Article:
The funding is part of the €150m earmarked for music from the government's Restart Culture programme, and comes ahead of a planned extension of the furlough scheme
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The European Festival Report 2018 reveals a spike in ticket prices and a drop in attendance, as festival organisers continue to face serious challenges
By Anna Grace on 20 Feb 2019
Despite a seemingly successful year, IQ’s European Festival Report 2018 shows that a continuation of ticket price rises and event attendance reduction is a major concern for organisers of European music festivals in 2018.
Ticket prices for European festivals again rose last year, having stabilised over the 2017 festival season. Festivalgoers paid €178 on average for a 2018 festival ticket, a price hike of 8.3% and an increase well above inflation rates across the continent. Of the 105 festivals that disclosed pricing details, 44 froze prices from 2017 to 2018, 2 lowered prices, and 59 (56.2%) charged more.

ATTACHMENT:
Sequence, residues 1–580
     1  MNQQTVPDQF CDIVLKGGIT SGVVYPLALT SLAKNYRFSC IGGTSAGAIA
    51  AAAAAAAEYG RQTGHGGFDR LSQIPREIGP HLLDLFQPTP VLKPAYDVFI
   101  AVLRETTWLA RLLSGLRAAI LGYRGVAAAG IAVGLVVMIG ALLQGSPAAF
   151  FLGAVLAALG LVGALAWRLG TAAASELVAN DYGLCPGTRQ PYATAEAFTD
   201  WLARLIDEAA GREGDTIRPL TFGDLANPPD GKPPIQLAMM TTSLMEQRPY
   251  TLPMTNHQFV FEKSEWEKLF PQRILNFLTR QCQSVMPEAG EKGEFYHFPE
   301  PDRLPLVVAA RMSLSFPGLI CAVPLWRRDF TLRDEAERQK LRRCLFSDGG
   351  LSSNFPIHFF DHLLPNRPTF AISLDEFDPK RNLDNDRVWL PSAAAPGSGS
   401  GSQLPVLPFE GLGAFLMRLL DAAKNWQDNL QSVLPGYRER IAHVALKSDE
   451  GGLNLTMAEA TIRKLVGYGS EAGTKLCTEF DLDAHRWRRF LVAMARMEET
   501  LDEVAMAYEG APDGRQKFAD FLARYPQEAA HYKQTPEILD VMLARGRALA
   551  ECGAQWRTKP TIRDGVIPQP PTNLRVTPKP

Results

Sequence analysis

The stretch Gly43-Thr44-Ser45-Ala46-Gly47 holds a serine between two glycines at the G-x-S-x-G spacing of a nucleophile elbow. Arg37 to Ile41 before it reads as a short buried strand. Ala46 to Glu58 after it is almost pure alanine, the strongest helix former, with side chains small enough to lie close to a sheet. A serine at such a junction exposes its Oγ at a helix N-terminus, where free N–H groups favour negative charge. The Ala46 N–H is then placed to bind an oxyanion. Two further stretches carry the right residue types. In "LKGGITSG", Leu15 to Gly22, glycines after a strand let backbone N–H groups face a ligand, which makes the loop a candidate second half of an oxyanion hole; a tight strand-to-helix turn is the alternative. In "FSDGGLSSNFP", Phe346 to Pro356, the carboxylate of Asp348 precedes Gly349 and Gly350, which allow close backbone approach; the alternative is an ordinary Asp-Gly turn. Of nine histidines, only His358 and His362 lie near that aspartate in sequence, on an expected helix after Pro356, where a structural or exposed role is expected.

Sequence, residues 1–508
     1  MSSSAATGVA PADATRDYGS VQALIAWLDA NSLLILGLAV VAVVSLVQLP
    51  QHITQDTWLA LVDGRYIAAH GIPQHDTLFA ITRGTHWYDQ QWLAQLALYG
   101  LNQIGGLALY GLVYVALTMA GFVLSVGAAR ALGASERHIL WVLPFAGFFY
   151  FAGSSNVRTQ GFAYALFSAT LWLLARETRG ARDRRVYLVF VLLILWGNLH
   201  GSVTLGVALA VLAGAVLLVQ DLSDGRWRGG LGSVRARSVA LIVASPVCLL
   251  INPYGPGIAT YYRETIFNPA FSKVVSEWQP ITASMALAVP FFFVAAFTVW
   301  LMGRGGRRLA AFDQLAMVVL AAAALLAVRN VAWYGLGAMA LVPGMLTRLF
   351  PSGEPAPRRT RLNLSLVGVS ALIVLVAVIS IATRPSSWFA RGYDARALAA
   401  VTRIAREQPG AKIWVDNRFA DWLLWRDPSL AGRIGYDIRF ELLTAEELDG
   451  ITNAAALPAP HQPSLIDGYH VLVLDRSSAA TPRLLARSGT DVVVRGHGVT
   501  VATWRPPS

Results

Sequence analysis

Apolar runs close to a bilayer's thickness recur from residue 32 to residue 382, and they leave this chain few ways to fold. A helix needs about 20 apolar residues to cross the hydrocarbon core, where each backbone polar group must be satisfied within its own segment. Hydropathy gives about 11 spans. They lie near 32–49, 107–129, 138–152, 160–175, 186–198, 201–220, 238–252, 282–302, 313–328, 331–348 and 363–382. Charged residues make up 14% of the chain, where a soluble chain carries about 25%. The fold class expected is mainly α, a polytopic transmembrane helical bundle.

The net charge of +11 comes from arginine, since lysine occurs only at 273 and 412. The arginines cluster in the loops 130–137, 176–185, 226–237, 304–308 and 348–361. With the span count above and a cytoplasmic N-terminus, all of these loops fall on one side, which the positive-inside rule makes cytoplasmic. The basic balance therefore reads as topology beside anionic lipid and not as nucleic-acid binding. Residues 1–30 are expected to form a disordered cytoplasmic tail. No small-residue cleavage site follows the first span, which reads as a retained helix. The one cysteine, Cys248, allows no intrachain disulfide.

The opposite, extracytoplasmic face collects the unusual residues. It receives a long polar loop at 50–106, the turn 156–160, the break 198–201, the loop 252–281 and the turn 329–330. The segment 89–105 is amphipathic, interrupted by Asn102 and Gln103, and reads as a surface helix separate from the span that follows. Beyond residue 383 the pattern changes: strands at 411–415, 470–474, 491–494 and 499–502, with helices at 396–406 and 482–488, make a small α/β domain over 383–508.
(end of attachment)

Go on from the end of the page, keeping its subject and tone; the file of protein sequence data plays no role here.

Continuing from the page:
The continuing escalation of artist fees, along with increasing production costs, are the main contributors to such increases. Eric van Eerdenburg of Dutch powerhouse Mojo Concerts says the “crisis in talent” is responsible for “pushing up the price that the consumer has to pay”, making it hard to attract a young crowd.
“We’re pricing ourselves out of the business by potentially alienating the next generation of fans and not enough people seem to care about that situation,” says Eerdenburg.
Indeed, in contrast to previous years, festivals reported a slight fall in average capacity last year. On average, events saw a decrease of 2.7% in attendance, from 40,575 in 2017 to 39,475 in 2018.
“We’re pricing ourselves out of the business by potentially alienating the next generation of fans and not enough people seem to care about that situation”
Fewer events sold out in 2018 than during the previous year, with 45% of events selling all tickets as opposed to 53% the year before. Of the surveyed festivals, 18% reported a downturn in ticket sales.
Organisers gave a wide-ranging list of reasons for reduced attendance and ticket sales, citing market saturation, competition from new, small festivals, unfavourable weather, lack of headliners, fear of terror attacks and uncertainties surrounding Brexit.
A record number of 130 events took part in the European Festival Report 2018, reflecting the continual expansion of the European festival market which, despite challenges, shows no signs of slowing down.
Get the full lowdown on Europe’s festival summer, including insights into capacity and attendance, staffing, ticketing and pricing, overseas attendance, VIP options, major improvements and more, in the European Festival Report 2018.